You’ll probably want to spend most of your time with the top down, though – it is a convertible, after all and if you’re not going to be dropping the top, what’s the point, really? Even if the Mustang looks much better with its top in place than the Camaro does, although that’s not saying all that much.

With top-down motoring, you get the great wind in your hair, sun on your scalp (sunscreen. Don’t forget the sunscreen) and better still you really get to hear the yowl of that great Coyote V8 just ahead of you. Even though the auto doesn’t rev as freely as the manual does, there’s still plenty of burble and pop from the powertrain to keep you and your ears happy. Though you can adjust the exhaust note two four levels, if you don’t want to wake the neighbours.

2022 Ford Mustang GT Convertible

Powertrain: My tester came equipped with a the six-speed manual option, and it is really rather good. As many times as I’ve driven the Mustangs and in as many levels of spec, I’m always surprised just how much this ‘box feels like something from a smaller sports car like a MX-5 or Boxster. It’s snickety-snick good, the throw is right on and clutch take-up, while just a titch on the long side, is easily controlled.

Acceleration is very brisk; that’s 450 horsepower and 410 pound-feet at your disposal and of course there’s no forced induction here so power gets sent to the rear wheels with little hesitation and the meaty Goodyear Eagle F1 rubber gets the power to the road in a confidence-inspiring way. Then, said rubber does well to help keep things copasetic as you wind this ‘Stang through the twisties, even if the steering could be a little more responsive. That’s an issue not really helped by the added weight the convertible has over the fastback coupe, which amounts to just over 80 kilograms. Of course, if you are beheading your Mustang and opting for the auto transmission, chances are you aren’t going to be too too bothered if you aren’t setting the top lap time at Laguna Seca Raceway.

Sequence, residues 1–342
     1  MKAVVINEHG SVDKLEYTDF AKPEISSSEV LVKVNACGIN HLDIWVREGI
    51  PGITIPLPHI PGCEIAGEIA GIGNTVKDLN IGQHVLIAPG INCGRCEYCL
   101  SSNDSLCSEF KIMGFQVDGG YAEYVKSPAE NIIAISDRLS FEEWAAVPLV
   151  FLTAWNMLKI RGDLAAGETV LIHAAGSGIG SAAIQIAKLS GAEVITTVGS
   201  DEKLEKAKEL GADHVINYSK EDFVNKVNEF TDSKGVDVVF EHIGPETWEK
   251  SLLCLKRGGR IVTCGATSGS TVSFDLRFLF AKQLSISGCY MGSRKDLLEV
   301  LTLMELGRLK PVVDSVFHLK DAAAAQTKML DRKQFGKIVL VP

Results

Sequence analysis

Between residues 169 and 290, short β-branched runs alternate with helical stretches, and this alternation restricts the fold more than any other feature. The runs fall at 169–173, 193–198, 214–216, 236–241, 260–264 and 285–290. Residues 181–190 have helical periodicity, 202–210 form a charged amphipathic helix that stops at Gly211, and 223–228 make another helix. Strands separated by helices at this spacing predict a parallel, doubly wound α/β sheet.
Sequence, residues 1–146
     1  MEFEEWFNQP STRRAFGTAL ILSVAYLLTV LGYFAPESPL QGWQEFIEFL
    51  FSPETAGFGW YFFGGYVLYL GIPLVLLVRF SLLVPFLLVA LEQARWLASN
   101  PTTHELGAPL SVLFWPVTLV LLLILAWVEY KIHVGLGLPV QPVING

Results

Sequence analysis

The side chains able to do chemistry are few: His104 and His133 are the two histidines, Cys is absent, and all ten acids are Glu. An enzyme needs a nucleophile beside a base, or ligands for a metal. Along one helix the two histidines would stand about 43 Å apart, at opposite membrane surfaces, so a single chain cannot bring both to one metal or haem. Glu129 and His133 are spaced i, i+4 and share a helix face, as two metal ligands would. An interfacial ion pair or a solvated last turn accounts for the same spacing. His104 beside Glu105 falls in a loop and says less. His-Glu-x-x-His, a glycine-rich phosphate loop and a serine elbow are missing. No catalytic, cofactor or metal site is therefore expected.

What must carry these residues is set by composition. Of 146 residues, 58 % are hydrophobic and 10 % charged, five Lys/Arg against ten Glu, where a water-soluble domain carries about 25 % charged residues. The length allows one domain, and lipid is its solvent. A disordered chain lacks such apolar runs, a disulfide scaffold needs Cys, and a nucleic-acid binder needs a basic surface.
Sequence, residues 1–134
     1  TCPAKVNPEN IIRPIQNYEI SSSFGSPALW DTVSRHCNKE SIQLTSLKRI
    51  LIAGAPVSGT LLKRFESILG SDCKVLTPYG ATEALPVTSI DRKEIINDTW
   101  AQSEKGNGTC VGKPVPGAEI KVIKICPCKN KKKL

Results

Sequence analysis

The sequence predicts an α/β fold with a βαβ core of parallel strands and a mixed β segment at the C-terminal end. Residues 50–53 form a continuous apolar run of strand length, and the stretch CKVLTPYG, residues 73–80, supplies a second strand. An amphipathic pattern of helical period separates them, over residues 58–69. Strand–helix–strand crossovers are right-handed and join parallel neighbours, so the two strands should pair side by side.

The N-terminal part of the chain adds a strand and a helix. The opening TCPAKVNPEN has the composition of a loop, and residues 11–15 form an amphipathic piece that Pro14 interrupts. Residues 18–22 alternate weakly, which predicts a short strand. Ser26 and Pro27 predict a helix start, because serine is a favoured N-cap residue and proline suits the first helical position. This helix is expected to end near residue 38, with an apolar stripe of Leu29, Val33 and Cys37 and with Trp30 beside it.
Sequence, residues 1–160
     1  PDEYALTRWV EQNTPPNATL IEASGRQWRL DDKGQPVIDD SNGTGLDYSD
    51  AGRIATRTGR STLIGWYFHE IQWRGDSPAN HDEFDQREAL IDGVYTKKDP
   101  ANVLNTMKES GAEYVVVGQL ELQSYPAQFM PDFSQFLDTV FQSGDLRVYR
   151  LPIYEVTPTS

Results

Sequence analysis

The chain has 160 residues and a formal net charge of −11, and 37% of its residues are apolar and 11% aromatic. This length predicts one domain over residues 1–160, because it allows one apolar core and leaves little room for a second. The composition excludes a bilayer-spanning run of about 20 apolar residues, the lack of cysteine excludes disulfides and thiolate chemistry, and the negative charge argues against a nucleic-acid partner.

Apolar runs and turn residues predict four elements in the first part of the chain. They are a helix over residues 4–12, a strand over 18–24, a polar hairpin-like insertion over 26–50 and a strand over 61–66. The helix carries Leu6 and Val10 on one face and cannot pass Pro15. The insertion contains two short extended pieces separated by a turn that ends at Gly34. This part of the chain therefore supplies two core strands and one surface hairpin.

2022 Ford Mustang GT Convertible

Drive: Indeed, you’ll likely be more concerned that you have a comfortable ride and enough power to perform the everyday tasks every vehicle needs to do well. With the Mustang, the good news is that in addition to those seats, the ride does well to meter out most bumps and the chassis doesn’t feel quite as squishy as convertibles sometimes do. The addition of the $2,500 MagneRide adaptive dampers on my tester is a huge help in this regard, both in terms of reducing the bumps and bangs, but also keeping the ‘Stang tracking true through bends. Add the ultra-responsive and grippy Brembo brakes and what you have here is a proper performance drop-top.

Conclusion: Here’s the thing, though. I say, “performance drop top”, but I do wonder if that’s really what one would be opting for when it comes to the Mustang Convertible. Convertibles as a rule are about the quality of life they provide, the thrill of the wind through your hair and all that. Which you get without having to add all those performance bits – the 3.73 rear axle, the MagneRide, spoiler delete, more – my tester’s Performance Pack provides. There’s a Mustang coupe for that, and it’s less expensive. Drop the top, keep the V8, keep that noisy exhaust and keep the colour but save yourself almost 10 grand by skipping the performance package and dampers. Now we’re talkin’.

2022 Ford Mustang GT Convertible
Price as tested: $72,640.00
Freight: $2,095.00
Configuration: Front engine, RWD
Engine: 5.0L V8
Transmission: 6-speed manual
Power: 450 horsepower/410 lb-ft of torque
Fuel: Regular
Combined fuel economy ratings: 13.4 L/100 km
Warranty: 3 years/60,000 km (basic), 5 years/100,000 km (powertrain)
Competition: BMW 4 Series Cabriolet, Chevrolet Camaro Convertible

Link: Ford Canada